Great work!
Hi Roger, thanks for your critique. When you say 'thrills', I'm assuming you mean 'trills'. I will adding them in due course. However, I will be economical with them because I don't want to hinder the momentum of the piece. I've had a listen to your observation at 5.02 and it's purely intentional. What you have to remember is that this piece is modulating (changing key) every two or three bars, so as well as major and minor harmony, there is also a lot of chromatic harmony (I've often used the 'augmented sixth {german}' as a pivot chord on many occasions because it has the same structure as the 'dominant 7th' of the 'flattened 2nd {neopolitan 6th}' which is ideal for modulating up a semitone), more than you would find in traditional Baroque music, especially the sort of music that Vivaldi would have composed (I'm suspicious that Bach may well have used it occasionally in his later works as his harmony was far more complex and better argued than that of the Italian school).

I might well take up your suggestion of resting the oboe in the second section when the 1st violin takes over the melody. It makes good sense. Thanks for that. I'll be posting up a revision of this piece in due course, after I have analysed everybody's remarks, including yours.

Thanks again,

Simon

Roger Noren said:
Very nice piece. I think it has a good baroque feel, with some elements that sounds more modern. I suppose that's neo-baroque, even though I have only listened to the classic baroque. The chord progression is more advanced than baroque, but the playing style sounds really genuine. I miss some baroque cadenses though, with its typical thrills in the end of verses.
I like the violins "call and response" and the harpsichord playing. That's baroque to me. But the double bass moves too free from the harpsichord to get a basso continuo effect. A minute into the beginning sounds a little strange to me. The oboe is still playing (softly) when the violins gets louder to play the lead. I would expect the oboe to rest instead, since I fear the oboe will dominate anyway in such a small ensemble.
At 5:02 there is a note that sounds major in a minor scale, so to say. It's okay in more modern compositions, but I'm not sure if it fits here. I

Sounds like a good mock-up too, better than what I usually hear from notated music. But to hear it as a live perfomance with real musicians would be fantastic.
Hi Andrew, sorry for the late reply. I've been wrestling with Finale and Notion 3. I'm desperate to get this piece finished, but I'm not handing it to the ensemble until I'm really happy with it. Please believe me when I say that your two suggestions have already been planned. That culmination that you heard was simply a copy and paste of the first section to assess the length of the work. It needs a complete overhaul in re-orchestration and the addition of a coda as you say.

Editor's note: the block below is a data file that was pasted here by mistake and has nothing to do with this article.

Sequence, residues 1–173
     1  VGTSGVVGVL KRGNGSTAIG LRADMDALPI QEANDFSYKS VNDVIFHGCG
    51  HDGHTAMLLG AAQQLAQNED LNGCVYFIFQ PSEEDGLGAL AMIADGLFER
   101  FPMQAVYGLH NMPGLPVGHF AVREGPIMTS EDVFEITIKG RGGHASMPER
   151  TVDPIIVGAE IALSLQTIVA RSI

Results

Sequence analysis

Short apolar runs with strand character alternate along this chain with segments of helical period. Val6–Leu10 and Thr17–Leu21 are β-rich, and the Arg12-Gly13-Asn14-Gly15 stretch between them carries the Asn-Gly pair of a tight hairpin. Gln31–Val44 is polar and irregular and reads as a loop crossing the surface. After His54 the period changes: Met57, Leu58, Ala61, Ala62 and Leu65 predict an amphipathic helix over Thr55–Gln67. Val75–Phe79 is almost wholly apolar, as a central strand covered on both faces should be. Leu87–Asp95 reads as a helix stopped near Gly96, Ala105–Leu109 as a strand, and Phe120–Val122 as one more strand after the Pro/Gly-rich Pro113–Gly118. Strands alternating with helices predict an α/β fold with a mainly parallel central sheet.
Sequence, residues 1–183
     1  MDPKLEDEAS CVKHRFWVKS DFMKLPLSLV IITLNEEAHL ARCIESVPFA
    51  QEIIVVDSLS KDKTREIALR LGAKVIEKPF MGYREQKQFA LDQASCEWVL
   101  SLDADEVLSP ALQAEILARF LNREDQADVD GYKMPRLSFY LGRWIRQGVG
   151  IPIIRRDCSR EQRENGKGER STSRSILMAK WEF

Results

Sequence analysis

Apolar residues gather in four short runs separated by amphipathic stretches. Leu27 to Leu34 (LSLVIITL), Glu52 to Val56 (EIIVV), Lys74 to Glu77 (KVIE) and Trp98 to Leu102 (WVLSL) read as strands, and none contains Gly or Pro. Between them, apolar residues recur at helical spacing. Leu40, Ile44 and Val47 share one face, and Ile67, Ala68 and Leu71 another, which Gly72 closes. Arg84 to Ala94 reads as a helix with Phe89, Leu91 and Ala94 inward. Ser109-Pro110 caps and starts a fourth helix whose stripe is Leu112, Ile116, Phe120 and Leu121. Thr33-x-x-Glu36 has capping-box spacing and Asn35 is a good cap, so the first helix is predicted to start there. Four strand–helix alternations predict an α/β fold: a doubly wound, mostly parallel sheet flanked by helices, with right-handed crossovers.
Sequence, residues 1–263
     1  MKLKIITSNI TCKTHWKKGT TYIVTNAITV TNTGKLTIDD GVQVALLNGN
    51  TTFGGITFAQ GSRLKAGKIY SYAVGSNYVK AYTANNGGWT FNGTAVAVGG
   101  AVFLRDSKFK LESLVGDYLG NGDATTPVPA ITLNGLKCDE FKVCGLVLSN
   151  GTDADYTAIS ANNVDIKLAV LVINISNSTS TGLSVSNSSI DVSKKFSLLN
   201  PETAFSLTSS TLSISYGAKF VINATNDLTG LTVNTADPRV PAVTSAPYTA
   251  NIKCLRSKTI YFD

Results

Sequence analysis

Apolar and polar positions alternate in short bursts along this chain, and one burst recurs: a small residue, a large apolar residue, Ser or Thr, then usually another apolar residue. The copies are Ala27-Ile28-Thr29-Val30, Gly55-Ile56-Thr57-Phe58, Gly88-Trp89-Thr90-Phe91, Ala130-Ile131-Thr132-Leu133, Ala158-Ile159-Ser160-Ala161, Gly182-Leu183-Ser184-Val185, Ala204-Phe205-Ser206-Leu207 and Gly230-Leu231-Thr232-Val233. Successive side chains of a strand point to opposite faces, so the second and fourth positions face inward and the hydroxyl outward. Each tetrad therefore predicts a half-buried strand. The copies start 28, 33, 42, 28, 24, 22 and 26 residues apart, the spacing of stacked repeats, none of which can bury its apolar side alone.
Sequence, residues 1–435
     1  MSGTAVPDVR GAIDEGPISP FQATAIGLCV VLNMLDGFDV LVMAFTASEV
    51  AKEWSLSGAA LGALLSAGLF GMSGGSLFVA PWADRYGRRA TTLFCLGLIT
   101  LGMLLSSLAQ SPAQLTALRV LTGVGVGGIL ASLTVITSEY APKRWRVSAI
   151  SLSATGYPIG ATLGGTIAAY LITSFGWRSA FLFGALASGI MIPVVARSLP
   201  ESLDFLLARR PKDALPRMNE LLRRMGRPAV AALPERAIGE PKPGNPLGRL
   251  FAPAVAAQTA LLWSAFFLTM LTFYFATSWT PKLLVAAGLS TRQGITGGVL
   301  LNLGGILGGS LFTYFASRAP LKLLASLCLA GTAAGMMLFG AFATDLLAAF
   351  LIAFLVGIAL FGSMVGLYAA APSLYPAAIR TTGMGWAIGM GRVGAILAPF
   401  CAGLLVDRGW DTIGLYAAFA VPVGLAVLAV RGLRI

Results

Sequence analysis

Andrew Gleibman said:
Very deep and interesting.
Some suggestions:
1) Where is the coda? The recapirulation stops, not ends. The simplest way to change this is to insert a ritardando with fermata at the last d in melody near the end and add 2-3 bars of morendo accompaniment.
2) The culmination (I assume it is planned to be around 5:25-5:30) is not distinctive enough. This is probably the most important dramatical moment of the piece. I suggest to add several changes in dynamics (acc, ret, rubato, sf etc) from 5.20 up to the recapitulation. For example, an allargando of the last clavichord section before the recap (5:35-5:45) would make the dynamic more distinctive. Before 5:20 you can add some accelerando. All this will break the rhythm of the quick section and impose some exclamation marks.
Great work!
Thanks Kris,

I'm not too sure about the 'selling myself short' though. I mean, as far as I understand it, the Baroque period was superceded by the Classical style because of its complexity with counterpoint and key change (J S Bach being the main 'culprit'). I'm well into the final draft of this piece (after taking on board what most people on this forum have said) and I look forward to seeing what people have to say about it.

Cheers,

Simon

Kristofer Emerig said:
Very, very nice Simon. I really enjoyed it - reminiscent of Handel in the latter section, but I think you're selling it short with the label of Neo-Baroque. I definitely hear some signature Godden eclecticism in there, above and beyond the staple I-IV-V. Call it merely " Piece for Oboe Chamber Concerto". A very engaging listening experience as usual.
Hi Simon,

Pretty cool piece. The allegro part is very powerful though I would like the background (accompaniment) to be more rich rhythmically there's too much repetition in the 4->1 beats, The harmonic rhythm gets too predictable and in my opinion there's too much emphasis over those beats over the nice melodic lines you have. (unless that was your intention, to have that steady support over the revolving melody)
Thanks Ariel,

I've actually nearly completed a complete overhaul of this piece on a new notation programme (Notion), which incorporates a change of rhythm in parts. There was a lot of good advice in this discussion, much of what I've taken on board. So please wait for two or three days and I'll have a completely rev(ital)ised new version posted.

Cheers again,

Simon

Ariel Ramos said:
Hi Simon,

Pretty cool piece. The allegro part is very powerful though I would like the background (accompaniment) to be more rich rhythmically there's too much repetition in the 4->1 beats, The harmonic rhythm gets too predictable and in my opinion there's too much emphasis over those beats over the nice melodic lines you have. (unless that was your intention, to have that steady support over the revolving melody)